Returning Results to Family Members: Professional Duties in Genomics Research in the United States

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This article critically appraises the ethical and legal duties to disclose findings to the family members of research participants. These family members stand to benefit in important ways from discoveries that can inform their own health and reproductive risks. However, careful appreciation of how medical research differs from clinical practice and of the uncertainties at stake in genomic research complicates any warning to relatives. Research laboratories should generally be immune from liability for failing to diagnose or disclose a genetic disorder in time to prevent adverse outcomes for a participant’s family members or to return properly interpreted test results for even direct findings under investigation, let alone incidental ones. The only exception is where warning relatives of medical risks is very likely to prevent imminent harm and would not override known participant wishes. Genomic autopsy studies for sudden death satisfy these conditions of life-saving potential for relatives without disrespect to subjects. These are among the rare instances in which we conclude that offering results to family members is not just permissible but obligatory, not just as a moral matter but as a legal one.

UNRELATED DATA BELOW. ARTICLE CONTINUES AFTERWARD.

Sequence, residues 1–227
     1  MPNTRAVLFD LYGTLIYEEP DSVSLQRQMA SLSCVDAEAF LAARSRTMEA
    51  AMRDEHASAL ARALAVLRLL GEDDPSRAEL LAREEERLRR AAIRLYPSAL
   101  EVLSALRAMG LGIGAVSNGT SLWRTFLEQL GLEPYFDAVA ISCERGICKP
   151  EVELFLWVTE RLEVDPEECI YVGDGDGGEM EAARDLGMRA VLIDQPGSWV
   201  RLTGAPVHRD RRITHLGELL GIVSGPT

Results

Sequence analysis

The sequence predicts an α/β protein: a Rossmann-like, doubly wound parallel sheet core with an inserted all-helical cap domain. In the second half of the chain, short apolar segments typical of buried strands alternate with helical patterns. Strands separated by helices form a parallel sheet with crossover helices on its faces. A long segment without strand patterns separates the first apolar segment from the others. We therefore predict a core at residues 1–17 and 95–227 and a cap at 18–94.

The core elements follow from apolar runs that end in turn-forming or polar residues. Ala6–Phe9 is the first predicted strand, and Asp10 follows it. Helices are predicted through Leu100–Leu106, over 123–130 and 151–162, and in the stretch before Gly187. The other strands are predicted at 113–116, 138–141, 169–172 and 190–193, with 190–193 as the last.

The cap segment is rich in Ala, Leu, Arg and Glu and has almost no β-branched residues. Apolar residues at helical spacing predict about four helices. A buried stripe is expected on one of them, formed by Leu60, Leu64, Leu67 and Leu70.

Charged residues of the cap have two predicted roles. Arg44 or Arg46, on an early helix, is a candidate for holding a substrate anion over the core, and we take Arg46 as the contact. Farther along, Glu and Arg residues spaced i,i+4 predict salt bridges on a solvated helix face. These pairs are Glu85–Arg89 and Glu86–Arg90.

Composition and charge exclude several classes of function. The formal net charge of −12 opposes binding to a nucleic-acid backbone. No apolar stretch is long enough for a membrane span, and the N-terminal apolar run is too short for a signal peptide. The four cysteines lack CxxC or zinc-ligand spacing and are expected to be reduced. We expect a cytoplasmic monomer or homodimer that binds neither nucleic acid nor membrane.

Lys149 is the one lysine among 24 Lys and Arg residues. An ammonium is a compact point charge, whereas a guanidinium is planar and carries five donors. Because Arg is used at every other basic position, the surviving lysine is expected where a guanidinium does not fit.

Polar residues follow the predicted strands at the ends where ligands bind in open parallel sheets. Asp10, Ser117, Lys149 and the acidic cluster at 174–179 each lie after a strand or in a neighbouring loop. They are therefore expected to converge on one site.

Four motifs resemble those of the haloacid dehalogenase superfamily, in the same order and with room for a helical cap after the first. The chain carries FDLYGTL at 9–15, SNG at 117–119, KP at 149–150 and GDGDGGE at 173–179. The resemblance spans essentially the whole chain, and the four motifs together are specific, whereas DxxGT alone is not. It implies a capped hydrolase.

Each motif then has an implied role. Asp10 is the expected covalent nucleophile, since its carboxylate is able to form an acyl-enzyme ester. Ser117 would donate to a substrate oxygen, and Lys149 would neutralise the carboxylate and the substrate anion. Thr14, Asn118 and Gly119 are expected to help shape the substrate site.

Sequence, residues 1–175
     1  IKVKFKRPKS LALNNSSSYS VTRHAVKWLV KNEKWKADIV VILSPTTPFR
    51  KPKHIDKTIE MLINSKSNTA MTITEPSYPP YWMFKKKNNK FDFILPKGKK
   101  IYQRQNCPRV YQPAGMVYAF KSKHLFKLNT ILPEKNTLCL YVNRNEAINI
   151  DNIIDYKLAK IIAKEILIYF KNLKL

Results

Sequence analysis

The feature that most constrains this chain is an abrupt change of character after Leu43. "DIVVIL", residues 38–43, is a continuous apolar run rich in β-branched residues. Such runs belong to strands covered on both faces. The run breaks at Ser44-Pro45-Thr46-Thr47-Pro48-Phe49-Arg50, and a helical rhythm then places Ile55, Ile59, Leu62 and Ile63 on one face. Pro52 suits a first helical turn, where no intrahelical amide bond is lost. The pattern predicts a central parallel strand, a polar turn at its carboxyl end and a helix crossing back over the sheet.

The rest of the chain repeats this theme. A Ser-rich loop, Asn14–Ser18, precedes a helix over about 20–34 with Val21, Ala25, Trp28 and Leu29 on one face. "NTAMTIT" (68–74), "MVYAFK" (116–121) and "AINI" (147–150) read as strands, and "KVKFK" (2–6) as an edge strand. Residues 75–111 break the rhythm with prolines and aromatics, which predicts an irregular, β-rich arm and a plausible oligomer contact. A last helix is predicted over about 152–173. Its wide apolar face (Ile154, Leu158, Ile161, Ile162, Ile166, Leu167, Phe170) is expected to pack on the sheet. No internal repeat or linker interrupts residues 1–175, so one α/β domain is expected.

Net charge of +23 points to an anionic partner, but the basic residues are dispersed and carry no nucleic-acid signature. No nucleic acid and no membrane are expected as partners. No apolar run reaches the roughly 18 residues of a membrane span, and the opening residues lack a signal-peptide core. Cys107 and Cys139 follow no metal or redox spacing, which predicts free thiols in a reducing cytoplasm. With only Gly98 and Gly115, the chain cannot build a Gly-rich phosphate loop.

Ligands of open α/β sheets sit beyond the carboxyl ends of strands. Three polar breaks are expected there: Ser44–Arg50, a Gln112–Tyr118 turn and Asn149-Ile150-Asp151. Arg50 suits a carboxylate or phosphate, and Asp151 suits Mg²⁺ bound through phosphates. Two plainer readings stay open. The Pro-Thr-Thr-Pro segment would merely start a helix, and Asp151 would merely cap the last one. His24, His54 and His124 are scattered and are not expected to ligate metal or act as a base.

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Journal of Legal Medicine